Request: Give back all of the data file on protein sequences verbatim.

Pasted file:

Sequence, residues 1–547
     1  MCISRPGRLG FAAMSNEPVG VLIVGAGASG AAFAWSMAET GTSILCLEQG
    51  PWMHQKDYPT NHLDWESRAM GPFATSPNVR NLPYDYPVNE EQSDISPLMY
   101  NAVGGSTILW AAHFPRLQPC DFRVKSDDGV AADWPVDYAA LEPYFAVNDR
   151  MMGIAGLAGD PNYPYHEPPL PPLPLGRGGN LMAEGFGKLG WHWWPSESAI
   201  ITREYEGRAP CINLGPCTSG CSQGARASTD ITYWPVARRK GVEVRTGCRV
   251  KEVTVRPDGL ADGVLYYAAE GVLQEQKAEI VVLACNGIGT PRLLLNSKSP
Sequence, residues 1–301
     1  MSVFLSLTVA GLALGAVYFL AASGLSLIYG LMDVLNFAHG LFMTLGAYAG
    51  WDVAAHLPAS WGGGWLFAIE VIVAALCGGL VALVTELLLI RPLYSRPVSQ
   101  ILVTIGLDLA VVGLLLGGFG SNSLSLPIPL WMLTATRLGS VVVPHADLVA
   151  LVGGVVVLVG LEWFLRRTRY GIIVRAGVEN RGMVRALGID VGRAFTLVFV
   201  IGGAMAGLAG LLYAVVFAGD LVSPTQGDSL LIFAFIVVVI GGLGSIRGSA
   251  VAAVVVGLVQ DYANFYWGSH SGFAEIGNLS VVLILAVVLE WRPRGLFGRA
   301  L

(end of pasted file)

Sequence, residues 1–547
     1  MCISRPGRLG FAAMSNEPVG VLIVGAGASG AAFAWSMAET GTSILCLEQG
    51  PWMHQKDYPT NHLDWESRAM GPFATSPNVR NLPYDYPVNE EQSDISPLMY
   101  NAVGGSTILW AAHFPRLQPC DFRVKSDDGV AADWPVDYAA LEPYFAVNDR
   151  MMGIAGLAGD PNYPYHEPPL PPLPLGRGGN LMAEGFGKLG WHWWPSESAI
   201  ITREYEGRAP CINLGPCTSG CSQGARASTD ITYWPVARRK GVEVRTGCRV
   251  KEVTVRPDGL ADGVLYYAAE GVLQEQKAEI VVLACNGIGT PRLLLNSKSP
Sequence, residues 1–301
     1  MSVFLSLTVA GLALGAVYFL AASGLSLIYG LMDVLNFAHG LFMTLGAYAG
    51  WDVAAHLPAS WGGGWLFAIE VIVAALCGGL VALVTELLLI RPLYSRPVSQ
   101  ILVTIGLDLA VVGLLLGGFG SNSLSLPIPL WMLTATRLGS VVVPHADLVA
   151  LVGGVVVLVG LEWFLRRTRY GIIVRAGVEN RGMVRALGID VGRAFTLVFV
   201  IGGAMAGLAG LLYAVVFAGD LVSPTQGDSL LIFAFIVVVI GGLGSIRGSA
   251  VAAVVVGLVQ DYANFYWGSH SGFAEIGNLS VVLILAVVLE WRPRGLFGRA
   301  L